Hog outlook better

Hog outlook better

- Pork producers face second year of losses, but situation improving. - Pork Board launching summer promotion. - Chicken markets have

Hog outlook better
THE market outlook for pork producers for the rest of the year is terrible, but the terribleness is, at least, getting better.

Producers have lost $32.36 per head on their hogs this year (January through May), setting up the fourth worst year in the industry's history (Figure), according to Shane Ellis, who maintains an Iowa-Minnesota profitability series at Iowa State University.

However, he told Feedstuffs that the overall projected loss for this year is $22.89 per head, which suggests decreasing costs as new-crop corn kicks in from now until the end of the year.

Furthermore, if new-crop corn falls into a $5/bu. price range, as futures indicated last week, returns will begin to get back into the black in the first quarter of 2014, he said.

Other sources agreed, offering pork producers heading to the 25th World Pork Expo in Des Moines, Iowa, this week less terrible news than they've been hearing in the past.

The number-one question will be the corn and soybean crops, which are behind schedule on planting, according to Steve Meyer, head of Paragon Economics.

Late planting implies a late harvest, and with a late harvest, frost becomes an issue, he said.

At the same time, experience shows that it's not so much the acres planted as the acres harvested and the yield, he said, which means that record-large crops are still entirely possible — and would bring down producers' costs of production quite rapidly.

Next comes pork demand, Meyer said, noting that there's a split in the outlooks for domestic versus export demand (Table 1).

Domestic demand has held fairly well and may start improving even more on positive developments in the U.S. economy, he said. Household income and the housing market are finally showing signs of recovery, and consumer confidence is strengthening, he added.

Indeed, household income increased 0.7% in April and, although still below the pre-recession level, is now over year ago, according to government data. This indicates that consumers can now deal with the tax hike they took at the beginning of the year, Feedstuffs sources said.

Home prices surged in the first quarter at the fastest pace since before the recession, and March home prices were 10.2% higher than last March. The Conference Board reported that consumer confidence increased seven points in May to a five-year high.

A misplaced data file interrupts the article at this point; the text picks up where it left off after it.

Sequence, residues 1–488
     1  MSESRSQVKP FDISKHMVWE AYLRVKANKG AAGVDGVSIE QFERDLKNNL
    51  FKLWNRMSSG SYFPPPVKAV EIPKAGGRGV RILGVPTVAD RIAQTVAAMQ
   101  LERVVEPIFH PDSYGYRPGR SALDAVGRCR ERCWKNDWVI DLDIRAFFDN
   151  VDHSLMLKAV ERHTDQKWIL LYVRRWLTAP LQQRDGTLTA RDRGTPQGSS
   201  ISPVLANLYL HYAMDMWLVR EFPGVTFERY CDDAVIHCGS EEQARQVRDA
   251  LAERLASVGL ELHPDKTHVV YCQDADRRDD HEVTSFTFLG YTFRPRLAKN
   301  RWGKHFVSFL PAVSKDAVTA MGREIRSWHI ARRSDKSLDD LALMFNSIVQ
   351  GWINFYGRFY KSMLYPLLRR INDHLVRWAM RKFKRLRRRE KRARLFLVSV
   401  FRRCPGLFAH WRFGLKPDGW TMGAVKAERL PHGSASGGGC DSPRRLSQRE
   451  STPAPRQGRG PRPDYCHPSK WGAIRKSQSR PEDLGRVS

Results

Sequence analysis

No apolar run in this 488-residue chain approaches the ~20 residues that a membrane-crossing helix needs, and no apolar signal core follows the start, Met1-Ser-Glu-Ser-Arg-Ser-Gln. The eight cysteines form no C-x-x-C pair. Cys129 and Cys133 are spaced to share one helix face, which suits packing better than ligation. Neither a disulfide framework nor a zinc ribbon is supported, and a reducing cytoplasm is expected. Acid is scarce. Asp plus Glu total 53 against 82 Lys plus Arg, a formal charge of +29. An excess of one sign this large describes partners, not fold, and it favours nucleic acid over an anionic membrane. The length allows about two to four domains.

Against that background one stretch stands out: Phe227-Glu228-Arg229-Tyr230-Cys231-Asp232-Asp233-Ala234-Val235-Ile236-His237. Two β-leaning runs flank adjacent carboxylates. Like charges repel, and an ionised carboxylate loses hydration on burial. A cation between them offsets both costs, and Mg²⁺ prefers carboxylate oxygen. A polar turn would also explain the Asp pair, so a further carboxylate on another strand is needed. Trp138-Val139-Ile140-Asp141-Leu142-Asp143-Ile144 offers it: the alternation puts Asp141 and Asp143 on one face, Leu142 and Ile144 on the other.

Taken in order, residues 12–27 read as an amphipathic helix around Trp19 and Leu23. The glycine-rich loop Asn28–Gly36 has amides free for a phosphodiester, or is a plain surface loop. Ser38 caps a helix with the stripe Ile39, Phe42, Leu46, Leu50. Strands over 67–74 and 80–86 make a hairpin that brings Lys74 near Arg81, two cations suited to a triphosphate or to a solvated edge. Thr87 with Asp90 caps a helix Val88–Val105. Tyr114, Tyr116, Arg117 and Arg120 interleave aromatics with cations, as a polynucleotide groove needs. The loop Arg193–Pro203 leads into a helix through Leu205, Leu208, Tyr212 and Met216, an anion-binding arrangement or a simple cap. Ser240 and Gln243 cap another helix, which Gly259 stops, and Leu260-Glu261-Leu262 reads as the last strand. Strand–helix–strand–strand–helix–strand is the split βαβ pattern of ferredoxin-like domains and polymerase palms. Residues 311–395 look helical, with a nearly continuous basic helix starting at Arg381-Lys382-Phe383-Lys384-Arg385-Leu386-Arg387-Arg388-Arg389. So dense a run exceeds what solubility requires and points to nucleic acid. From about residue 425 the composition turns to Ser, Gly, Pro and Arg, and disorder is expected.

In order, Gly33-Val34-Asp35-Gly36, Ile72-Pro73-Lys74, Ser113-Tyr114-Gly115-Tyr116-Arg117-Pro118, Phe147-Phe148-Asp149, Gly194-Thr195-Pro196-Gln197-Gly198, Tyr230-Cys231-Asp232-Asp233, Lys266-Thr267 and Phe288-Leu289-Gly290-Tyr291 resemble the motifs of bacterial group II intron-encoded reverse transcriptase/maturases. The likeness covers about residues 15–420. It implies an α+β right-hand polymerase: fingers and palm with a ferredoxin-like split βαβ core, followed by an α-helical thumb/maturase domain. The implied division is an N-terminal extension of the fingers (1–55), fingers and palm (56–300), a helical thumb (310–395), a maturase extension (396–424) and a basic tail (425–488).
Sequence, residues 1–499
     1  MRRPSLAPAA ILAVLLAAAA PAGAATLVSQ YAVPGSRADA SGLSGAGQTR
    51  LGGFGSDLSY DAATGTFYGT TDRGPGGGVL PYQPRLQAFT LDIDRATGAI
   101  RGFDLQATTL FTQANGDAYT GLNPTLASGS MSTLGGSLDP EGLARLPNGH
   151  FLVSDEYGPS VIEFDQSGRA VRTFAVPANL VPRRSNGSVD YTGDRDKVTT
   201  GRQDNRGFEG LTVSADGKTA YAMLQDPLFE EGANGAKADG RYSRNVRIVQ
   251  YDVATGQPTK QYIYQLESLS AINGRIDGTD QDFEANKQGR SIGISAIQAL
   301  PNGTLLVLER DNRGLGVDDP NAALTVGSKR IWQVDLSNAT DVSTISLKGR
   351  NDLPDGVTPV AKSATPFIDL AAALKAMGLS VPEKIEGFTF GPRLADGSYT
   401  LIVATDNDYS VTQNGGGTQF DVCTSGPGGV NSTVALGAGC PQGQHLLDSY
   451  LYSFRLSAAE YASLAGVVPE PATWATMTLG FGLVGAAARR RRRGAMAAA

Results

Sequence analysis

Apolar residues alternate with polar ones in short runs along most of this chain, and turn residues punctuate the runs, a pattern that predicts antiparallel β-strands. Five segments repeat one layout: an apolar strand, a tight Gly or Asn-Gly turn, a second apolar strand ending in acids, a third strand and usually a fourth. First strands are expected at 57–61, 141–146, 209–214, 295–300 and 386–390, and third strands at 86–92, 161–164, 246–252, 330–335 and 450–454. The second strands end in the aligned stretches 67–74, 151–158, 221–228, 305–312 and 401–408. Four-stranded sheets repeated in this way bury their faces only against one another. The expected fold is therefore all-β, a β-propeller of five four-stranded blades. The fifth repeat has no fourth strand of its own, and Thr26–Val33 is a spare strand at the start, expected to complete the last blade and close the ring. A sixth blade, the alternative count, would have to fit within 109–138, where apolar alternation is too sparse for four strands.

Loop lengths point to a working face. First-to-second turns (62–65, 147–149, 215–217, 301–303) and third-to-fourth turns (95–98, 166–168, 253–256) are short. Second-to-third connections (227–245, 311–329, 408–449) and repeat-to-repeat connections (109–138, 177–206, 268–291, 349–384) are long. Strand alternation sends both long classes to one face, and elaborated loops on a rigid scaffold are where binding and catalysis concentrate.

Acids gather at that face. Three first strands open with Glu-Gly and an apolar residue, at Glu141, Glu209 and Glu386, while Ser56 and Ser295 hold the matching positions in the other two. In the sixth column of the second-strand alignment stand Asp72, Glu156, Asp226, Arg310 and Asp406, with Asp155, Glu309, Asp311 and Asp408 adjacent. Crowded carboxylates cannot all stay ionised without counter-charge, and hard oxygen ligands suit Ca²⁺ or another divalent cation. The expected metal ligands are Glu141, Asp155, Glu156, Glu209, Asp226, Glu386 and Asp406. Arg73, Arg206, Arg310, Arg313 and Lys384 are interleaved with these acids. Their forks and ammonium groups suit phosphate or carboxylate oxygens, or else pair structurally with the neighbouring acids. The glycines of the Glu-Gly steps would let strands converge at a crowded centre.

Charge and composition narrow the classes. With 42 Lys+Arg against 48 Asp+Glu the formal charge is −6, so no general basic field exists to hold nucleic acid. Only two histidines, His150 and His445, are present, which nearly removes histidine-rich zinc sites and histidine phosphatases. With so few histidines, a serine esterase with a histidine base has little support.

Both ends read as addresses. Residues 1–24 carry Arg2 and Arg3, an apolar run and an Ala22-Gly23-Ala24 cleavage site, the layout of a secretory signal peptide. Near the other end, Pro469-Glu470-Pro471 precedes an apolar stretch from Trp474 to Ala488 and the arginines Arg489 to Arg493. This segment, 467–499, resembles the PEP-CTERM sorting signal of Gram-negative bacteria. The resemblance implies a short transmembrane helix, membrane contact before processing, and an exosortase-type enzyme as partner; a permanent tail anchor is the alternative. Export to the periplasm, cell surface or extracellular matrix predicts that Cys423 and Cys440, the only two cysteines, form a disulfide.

Furthermore, consumer-level beef prices are record high, and shoppers are getting sticker shock from chicken prices after being accustomed to lower-priced chicken, Meyer said. So, competitive meat prices and economic improvement will be supportive to pork demand this year, he said.

He added that pork supplies in cold storage are record large (Feedstuffs, May 27) due mainly to the significant slowdown in exports, which have been stymied by China and Russia announcing bans on ractopamine use and by the weakness of the Japanese yen.

Still, Meyer noted that stocks represent just 1.5 weeks of production, so, if stocks are kept in perspective, storage is not as worrisome as some think, and an increase in pork buying activity could take those stocks down fairly fast.

That activity could start this week as the National Pork Board launches a domestic marketing promotion for which it allocated $3 million in supplemental funding at its meeting in March (Feedstuffs, March 11).

Board vice president for domestic marketing Ceci Snyder told this column that the promotion will position pork for its value and versatility, with drive-time radio spots that encourage people to stop at supermarkets on their way home from work to buy pork for dinner that night.

The promotion also will have online messages and point-of-sale materials, she said, adding that retailers have been "very receptive."

Ron Plain at the University of Missouri echoed Meyer's outlook and said slaughter will be relatively stable going forward, although increased weights will bring in increased pork production. He said he's "confident" in pork demand for the rest of this year.

Given decreasing feed costs, losses will shrink.